Last week, while cycling home from the office, I was almost flattened by a car charging through a red light. This came moments after I was nearly run off the road by another careless motorist who mistook my bike lane for a turning lane of his own.
Welcome to Bike Month in Metro Vancouver.
This being June, the annual push is on to get locals onto this more sustainable mode of transport.
But don’t be fooled by the cheery speeches or beefed-up Critical Mass rides: Bike mode share — the number of cyclists on the road compared to motorists, transit riders or pedestrians — is disappointingly small in this region.
This shouldn’t be.
But a major sticking point for many would-be cyclists is safety. Some folks don’t feel comfortable riding with traffic.
And why should they, when bikes lanes have become the domain of parked airporter buses and delivery trucks, not to mention wayward cars.
So it’s encouraging to see local leaders going beyond the usual paying of lip service on this issue, and making some real headway.
As Coun. Geoff Meggs noted on his blog last week, Vancouver city council has recently committed to double its spending on cycling.
The investment will go toward improving existing bike routes, creating new cyclist-activated signal crossings and other infrastructure, plus car-free trials in four neighbourhoods. There’s also a long-term, much-needed plan focused on bike lanes that are separated from traffic.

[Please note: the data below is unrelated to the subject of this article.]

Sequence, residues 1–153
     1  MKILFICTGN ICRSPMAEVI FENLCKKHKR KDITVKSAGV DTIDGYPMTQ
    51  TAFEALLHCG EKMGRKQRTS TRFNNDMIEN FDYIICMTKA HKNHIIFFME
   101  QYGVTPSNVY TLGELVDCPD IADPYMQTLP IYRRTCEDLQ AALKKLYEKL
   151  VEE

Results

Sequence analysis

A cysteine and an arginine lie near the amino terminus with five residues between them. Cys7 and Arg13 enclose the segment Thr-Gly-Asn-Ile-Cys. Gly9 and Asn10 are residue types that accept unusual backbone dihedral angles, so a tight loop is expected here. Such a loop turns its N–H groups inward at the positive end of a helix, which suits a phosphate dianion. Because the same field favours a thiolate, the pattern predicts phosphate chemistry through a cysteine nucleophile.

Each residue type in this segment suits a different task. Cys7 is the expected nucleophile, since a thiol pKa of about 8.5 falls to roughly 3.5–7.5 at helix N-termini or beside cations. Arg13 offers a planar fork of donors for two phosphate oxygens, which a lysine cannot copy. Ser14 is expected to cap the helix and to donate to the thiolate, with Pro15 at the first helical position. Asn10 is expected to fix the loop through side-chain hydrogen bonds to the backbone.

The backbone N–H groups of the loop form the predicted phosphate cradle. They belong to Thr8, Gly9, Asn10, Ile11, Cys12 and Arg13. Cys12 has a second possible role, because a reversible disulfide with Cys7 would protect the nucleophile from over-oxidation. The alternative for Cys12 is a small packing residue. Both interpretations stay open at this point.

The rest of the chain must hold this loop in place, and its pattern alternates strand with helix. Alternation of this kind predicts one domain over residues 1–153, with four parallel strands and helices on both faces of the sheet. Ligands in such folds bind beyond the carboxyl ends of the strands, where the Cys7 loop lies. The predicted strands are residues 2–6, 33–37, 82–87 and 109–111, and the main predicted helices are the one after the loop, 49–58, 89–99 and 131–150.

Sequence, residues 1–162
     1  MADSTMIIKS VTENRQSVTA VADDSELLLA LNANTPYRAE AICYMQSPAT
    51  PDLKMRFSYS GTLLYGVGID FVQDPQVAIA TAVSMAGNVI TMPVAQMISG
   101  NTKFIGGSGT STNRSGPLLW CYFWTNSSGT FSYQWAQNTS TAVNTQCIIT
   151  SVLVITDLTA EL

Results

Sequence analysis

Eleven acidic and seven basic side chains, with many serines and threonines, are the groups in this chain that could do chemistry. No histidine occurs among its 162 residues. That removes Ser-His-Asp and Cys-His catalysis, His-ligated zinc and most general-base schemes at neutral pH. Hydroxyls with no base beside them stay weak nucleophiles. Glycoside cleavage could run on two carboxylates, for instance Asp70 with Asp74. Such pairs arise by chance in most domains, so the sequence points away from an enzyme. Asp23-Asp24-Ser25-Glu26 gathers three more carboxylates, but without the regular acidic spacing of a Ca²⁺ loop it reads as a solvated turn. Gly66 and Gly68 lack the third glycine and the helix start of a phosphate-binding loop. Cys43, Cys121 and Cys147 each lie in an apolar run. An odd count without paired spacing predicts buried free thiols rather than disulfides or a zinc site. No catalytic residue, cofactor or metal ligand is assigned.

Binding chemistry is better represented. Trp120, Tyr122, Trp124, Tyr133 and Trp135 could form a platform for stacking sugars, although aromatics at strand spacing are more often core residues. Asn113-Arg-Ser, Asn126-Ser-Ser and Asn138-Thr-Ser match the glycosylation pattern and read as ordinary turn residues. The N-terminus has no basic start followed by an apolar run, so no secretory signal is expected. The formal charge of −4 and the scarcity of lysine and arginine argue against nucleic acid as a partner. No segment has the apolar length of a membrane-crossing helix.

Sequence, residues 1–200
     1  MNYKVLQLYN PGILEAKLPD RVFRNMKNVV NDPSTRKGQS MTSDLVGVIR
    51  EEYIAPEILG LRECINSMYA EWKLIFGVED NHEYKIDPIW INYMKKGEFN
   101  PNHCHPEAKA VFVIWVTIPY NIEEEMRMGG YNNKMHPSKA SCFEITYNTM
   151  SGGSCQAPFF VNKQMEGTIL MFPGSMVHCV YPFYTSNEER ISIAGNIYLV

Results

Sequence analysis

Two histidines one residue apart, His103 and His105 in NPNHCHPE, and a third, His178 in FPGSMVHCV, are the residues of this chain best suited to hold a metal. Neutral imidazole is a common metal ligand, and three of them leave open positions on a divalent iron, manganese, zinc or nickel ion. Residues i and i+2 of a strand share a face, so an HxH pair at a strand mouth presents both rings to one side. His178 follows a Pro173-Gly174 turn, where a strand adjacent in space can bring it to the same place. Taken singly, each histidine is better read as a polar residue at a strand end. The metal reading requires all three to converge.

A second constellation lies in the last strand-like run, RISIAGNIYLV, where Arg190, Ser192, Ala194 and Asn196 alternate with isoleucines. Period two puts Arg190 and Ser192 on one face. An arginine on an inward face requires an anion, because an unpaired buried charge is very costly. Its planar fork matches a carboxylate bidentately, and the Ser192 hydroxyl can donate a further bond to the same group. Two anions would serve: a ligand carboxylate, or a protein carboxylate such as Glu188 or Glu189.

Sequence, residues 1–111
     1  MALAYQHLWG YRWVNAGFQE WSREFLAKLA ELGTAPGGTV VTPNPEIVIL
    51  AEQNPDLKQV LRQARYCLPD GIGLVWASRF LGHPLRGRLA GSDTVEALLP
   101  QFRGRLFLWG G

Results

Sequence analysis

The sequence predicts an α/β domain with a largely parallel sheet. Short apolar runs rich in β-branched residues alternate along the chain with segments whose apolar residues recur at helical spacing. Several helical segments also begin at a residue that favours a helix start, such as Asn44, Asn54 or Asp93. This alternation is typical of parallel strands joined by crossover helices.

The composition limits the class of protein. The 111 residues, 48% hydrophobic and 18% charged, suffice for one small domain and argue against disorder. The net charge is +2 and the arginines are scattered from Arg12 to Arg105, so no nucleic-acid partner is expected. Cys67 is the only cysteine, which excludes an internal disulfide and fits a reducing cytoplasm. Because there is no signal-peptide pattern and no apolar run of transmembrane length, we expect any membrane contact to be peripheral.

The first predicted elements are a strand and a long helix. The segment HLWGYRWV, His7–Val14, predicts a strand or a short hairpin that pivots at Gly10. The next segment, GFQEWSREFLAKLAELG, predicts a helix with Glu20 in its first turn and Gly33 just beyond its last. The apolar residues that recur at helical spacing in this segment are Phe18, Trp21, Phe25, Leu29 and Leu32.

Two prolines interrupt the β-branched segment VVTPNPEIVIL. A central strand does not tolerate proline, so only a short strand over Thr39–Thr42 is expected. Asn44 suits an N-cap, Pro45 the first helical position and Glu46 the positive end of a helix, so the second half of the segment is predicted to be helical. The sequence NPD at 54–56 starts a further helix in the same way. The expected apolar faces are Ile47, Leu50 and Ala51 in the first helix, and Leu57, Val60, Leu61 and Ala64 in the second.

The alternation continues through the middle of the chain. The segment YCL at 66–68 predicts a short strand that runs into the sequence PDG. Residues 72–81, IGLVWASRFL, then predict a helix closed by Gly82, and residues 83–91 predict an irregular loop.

All of this represents real progress — and a template that other jurisdictions in Metro Vancouver would be wise to emulate.
TransLink didn’t waste any time responding to my column last week, detailing my frustration waiting for the No. 44 bus — a service that never arrived — on a recent morning. According to spokesperson Drew Snider, the bus was rerouted because of unannounced roadwork by the City of Vancouver.
Getting information out about such a last-minute rerouting, says Snider, involves process and time — in this case, 45 minutes until it was announced on TransLink’s website.
Still, during my wait, no notice was posted to the bus stop. And for nearly an hour, TransLink’s customer information agents were themselves left in the dark.
But I’m sympathetic to Snider’s assertion that “stuff happens.”
Of course it does — and most folks would agree. The key is that when it does, the best information is relayed to transit customers as soon as humanly possible.